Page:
Once you’ve got your “safe list” of sites, turn the campaign on and see how the two campaigns run for a while. If possible, track how these early conversions in AdWords convert into actual sales.
You may find that you’ve been spending a truckload of money on the display network for barely a wheelbarrow’s worth of actual business. But as the display network is a valuable tool, we don’t want to lose it entirely. It just needs careful management.
Want to learn another workaround for spammy sites in the Google Display Network? Listen to our podcast episode, “The Rise of the Technical Paid Marketer” with JD Prater and Gianluca Binelli.
6. Use landing pages. Then use more landing pages.
You’ve heard about how it’s important to use landing pages for your AdWords ads, right? ‘Cause it’s basically AdWords 101.
So are you… um... actually using them?
This tip is a bit like the advice to track your conversions. It’s drop-dead obvious, everybody knows about it… and yet, only half of the marketers make a new landing page for every new campaign they run, according to HubSpot.
You need to be in that half. And actually, you want to do better. How well your landing page aligns with the keywords you’re bidding on, your ad copy, and your searcher’s “intent” (what they’re looking for), the better the Quality Score for your ads will be.
And as you probably know already, your Quality Score has a massive effect on how much you pay per click.
But just as importantly, how targeted and optimized your landing pages are will also affect your conversion rates. Just to make an estimate, if you’re not using landing pages for your ads right now, you could almost certainly double your conversion rates simply by creating a landing page for every 3-4 ad groups in your account.
We won’t even add how much you’ll save with the better Quality Scores, but that could easily double your ROI again.
Want to improve your Quality Scores even more? Read our blog post, “Understand and Improve Your AdWords Quality Score.”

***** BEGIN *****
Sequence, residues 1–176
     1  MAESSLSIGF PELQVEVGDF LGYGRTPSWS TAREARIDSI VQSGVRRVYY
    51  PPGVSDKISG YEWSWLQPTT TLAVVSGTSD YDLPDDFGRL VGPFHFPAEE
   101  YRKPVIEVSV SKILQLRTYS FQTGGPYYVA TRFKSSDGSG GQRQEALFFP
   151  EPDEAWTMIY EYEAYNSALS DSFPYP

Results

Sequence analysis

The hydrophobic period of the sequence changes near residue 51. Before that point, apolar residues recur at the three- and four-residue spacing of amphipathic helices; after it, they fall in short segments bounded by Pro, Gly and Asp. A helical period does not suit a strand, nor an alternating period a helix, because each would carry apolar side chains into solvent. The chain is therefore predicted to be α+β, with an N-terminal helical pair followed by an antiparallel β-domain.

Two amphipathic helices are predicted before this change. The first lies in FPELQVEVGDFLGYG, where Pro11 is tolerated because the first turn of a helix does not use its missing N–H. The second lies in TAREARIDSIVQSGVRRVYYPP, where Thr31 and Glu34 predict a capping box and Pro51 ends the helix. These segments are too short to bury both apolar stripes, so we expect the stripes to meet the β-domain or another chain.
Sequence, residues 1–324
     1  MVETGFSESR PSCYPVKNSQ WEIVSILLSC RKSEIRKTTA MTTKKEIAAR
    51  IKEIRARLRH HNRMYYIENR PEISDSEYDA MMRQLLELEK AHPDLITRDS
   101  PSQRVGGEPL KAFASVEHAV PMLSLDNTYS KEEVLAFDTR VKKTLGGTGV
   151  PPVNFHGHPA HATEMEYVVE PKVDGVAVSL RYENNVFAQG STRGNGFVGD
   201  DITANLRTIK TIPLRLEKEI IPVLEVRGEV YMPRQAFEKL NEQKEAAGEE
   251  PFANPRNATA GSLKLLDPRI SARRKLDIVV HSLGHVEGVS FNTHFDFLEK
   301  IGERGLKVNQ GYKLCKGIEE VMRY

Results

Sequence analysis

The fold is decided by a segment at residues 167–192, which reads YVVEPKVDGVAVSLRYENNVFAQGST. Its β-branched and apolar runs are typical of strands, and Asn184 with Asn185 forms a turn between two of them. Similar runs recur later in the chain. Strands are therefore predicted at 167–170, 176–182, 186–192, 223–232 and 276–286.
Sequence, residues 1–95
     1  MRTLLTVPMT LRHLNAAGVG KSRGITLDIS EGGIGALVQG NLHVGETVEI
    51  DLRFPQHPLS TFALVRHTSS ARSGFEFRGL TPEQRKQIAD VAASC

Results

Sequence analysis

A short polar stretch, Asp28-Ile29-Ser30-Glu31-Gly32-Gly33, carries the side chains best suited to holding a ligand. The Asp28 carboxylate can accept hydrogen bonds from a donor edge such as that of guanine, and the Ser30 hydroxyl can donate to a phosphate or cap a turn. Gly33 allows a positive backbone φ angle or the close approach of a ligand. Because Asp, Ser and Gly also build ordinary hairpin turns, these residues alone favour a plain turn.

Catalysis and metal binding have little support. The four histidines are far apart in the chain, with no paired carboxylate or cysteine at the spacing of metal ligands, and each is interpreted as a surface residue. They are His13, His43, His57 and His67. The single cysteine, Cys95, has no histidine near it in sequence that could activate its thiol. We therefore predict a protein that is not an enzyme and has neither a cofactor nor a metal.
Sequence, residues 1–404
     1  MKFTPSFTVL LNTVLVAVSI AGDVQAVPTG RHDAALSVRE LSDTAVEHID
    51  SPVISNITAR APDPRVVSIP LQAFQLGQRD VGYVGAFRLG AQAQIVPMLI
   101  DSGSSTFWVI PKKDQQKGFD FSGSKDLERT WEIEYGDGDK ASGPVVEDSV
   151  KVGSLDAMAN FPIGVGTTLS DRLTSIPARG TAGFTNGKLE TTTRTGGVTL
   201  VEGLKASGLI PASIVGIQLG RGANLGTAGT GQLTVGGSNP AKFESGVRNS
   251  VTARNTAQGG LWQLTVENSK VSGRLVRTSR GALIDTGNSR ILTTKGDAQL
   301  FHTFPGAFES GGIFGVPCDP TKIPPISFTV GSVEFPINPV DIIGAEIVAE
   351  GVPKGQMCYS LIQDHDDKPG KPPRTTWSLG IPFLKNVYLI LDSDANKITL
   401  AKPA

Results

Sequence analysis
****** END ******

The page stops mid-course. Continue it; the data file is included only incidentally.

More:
7. Take your best-performing keywords and create a dedicated ad group for each of them.
Several years ago, when I was managing $12,000 a day in AdWords spending, this was one of my best secret weapons.
· Most of your ad spend and your profitability is probably running through a small group of keywords.
· These keywords are ultra-valuable. They deserve vastly more attention than your other keywords.
· Giving these keywords their own ad group means you can split-test the bejesus out of those ads, and create ads solely for those very special keywords.
· It means you can create landing pages only for those very special keywords.
· It means you can direct the bulk of your budget into those very special keywords.
You can’t do this for your whole account, but try to do it for at least your top ten to twenty best-performing keywords. It can easily double your ROI, if not 10x it.
Bonus: Try Google’s retargeting features.
Still not sure you can make AdWords profitable? Then get ultraconservative and stick to their remarketing lists for search ads (RLSA).
This is basically a way to show your AdWords ads only to people who have come to your website. You can even show ads only to people who have looked at specific pages on your website. You take that audience of people (who have been to your site) and then only show your ads to them right after they’ve searched for a particular list of keywords that you define.
This is genius because (as you know), people rarely buy the first time they visit a site. But as you build brand affinity with them, the chances they’ll convert skyrocket. It’s not uncommon for conversion rates to double, triple or more.
And so, using RLSA for your ads could mean you easily double your ROI.
Google’s RLSA page is here. You’ll need to install that remarketing tag we mentioned earlier to make it work. You can learn how to create a remarketing list in your AdWords account here.
Try it. If it works even half as well as it could, you’ll have an ROI even a casino would envy.
Back to you
Know of any AdWords hacks that can be implemented fast and double a campaign’s ROI? Tell us about them – even just one – in the comments.